(RxWiki News) Patients who refuse blood transfusions when undergoing heart surgery do not appear to be at an added risk of complications following the procedure.
Researchers examined the risk of complications among Jehovah's Witness patients. Their beliefs do not allow blood transfusions and encourage conserving blood.
"Discuss emergency strategies with your cardiologist prior to surgery."
Gregory Pattakos, MD, MS, a lead author from the Cleveland Clinic, found that both Witness and non-Witness patients had similar risks for dying in the hospital. However, patients who followed the religion were significantly less likely to require additional surgery for bleeding, or experience kidney failure or sepsis, a bloodstream infection.
During the study researchers followed 322 Witness heart surgery patients and 322 cardiac surgery patients who did not follow the faith. The non-Witness patients received blood transfusions.
Investigators found that Witnesses were less likely to suffer complications such as heart attacks, or to require prolonged ventilation. Compared to matched patients who received transfusions, Witnesses also had shorter intensive care unit stays, as well as, briefer overall hospital stays.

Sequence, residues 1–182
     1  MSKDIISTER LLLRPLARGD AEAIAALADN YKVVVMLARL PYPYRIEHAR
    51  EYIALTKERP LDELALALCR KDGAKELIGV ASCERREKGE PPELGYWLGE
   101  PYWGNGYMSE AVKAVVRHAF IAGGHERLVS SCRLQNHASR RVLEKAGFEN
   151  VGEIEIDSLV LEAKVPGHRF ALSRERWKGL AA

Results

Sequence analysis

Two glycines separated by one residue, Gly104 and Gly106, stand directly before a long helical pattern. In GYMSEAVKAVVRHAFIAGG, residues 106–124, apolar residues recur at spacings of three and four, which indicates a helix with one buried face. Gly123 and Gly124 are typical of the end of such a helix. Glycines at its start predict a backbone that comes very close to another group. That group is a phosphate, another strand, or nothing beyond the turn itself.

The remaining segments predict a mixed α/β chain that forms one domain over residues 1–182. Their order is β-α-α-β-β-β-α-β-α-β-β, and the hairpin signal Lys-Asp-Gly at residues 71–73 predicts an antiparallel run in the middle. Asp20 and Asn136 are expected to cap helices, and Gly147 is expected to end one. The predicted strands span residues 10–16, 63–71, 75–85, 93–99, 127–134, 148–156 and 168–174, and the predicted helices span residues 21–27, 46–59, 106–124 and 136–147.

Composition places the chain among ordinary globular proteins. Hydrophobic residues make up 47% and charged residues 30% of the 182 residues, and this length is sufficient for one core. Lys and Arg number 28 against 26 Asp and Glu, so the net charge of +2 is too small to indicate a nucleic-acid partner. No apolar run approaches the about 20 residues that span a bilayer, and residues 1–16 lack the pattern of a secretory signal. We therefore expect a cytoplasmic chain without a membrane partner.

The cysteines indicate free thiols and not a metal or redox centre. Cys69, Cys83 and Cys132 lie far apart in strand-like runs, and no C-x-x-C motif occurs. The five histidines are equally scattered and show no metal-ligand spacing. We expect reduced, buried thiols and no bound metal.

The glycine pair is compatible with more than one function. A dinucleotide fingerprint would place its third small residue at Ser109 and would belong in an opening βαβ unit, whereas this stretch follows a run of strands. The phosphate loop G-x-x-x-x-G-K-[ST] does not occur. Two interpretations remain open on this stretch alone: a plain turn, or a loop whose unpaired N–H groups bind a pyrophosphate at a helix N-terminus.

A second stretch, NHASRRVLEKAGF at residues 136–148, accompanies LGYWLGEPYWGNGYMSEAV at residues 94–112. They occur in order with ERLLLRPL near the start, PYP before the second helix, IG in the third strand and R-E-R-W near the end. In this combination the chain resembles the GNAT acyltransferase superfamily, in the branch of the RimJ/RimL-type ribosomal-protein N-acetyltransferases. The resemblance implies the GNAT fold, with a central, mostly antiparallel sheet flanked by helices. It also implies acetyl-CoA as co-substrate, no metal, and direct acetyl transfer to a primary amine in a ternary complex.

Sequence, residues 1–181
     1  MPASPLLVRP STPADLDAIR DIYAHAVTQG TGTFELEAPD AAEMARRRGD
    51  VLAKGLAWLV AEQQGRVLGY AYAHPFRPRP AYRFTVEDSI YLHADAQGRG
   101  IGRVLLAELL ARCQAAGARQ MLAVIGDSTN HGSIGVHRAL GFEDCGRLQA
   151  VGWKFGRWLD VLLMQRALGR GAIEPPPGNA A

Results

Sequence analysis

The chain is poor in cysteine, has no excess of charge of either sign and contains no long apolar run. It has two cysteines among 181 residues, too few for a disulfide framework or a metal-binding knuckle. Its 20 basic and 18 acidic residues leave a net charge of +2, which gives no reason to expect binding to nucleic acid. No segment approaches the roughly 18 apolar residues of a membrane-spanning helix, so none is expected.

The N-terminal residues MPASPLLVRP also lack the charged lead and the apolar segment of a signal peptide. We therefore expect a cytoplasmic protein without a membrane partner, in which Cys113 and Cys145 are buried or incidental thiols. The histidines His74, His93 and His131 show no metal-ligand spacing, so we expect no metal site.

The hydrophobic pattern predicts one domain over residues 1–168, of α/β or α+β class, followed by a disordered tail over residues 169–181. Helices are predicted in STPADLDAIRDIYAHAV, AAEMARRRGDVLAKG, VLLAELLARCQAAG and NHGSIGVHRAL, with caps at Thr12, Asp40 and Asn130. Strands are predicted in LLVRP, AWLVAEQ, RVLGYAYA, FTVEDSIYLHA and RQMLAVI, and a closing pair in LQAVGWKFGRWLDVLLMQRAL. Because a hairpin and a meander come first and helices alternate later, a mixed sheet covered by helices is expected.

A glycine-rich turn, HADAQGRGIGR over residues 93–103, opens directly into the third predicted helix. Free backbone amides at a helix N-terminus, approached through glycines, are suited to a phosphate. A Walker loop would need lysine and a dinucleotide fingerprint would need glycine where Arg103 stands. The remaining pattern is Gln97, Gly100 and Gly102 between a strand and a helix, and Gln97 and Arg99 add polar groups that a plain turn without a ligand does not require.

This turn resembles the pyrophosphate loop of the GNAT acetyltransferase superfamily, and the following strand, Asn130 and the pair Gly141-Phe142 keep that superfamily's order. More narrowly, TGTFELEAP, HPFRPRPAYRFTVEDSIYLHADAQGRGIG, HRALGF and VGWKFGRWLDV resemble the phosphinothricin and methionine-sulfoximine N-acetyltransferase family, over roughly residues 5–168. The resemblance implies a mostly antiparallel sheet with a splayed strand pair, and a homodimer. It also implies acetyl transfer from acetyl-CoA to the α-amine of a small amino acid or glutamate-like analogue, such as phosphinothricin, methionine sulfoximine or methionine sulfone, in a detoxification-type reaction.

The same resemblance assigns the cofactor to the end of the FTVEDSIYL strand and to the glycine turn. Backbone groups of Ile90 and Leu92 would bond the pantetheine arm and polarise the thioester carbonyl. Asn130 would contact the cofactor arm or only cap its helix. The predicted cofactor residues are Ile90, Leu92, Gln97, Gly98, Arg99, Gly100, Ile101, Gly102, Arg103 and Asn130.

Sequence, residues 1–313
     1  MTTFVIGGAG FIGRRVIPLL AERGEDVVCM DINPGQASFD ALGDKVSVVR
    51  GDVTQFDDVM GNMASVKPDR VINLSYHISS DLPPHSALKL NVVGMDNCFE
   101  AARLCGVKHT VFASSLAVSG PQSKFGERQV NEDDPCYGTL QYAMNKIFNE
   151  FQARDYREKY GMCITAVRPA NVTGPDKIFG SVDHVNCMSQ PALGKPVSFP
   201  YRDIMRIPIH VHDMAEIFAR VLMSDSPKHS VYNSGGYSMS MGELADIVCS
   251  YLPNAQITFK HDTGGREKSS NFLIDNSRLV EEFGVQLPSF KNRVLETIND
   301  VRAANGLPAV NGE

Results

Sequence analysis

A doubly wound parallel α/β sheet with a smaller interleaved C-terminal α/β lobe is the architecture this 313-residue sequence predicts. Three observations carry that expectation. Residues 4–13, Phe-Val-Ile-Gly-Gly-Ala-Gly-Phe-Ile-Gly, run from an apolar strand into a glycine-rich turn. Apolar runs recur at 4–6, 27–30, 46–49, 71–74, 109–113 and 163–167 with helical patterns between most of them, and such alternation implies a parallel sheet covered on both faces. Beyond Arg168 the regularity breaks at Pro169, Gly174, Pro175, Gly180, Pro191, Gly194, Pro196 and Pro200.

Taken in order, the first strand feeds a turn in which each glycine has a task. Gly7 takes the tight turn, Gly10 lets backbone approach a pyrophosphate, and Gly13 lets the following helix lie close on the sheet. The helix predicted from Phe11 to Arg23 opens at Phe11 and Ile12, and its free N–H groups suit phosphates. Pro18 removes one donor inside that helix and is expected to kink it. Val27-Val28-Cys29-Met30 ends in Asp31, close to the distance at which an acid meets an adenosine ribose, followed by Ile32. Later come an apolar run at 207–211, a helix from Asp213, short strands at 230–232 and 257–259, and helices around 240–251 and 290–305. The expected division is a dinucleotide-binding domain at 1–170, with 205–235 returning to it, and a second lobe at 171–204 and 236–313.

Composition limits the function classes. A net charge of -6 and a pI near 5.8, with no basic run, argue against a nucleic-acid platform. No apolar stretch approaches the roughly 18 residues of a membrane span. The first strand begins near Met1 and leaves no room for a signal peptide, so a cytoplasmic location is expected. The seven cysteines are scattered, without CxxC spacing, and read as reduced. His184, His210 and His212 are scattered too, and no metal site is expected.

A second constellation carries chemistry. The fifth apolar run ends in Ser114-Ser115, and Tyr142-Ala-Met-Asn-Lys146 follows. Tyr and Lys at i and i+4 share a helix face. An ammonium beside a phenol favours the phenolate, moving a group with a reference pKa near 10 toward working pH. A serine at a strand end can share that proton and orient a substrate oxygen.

One year after surgery 95 percent of Witness patients and 89 percent of transfusion patients were still alive. Survival was similar for both groups at the 20-year mark.
In an invited commentary, Victor A. Ferraris, MD, PhD, from the University of Kentucky Chandler Medical Center, said the findings suggesting that Witnesses might fare better than patients receiving transfusions raises questions about whether more patients could benefit from surgical strategies that minimize blood transfusions.
"The findings of this analysis by Pattakos and colleagues add to the increasing data that suggest that more conservative use of blood transfusions would be in our patients' interest, in both Witnesses and non-Witnesses," Dr. Ferraris said.
The study was recently published in the Archives of Internal Medicine, a publication of the Journal of the American Medical Association.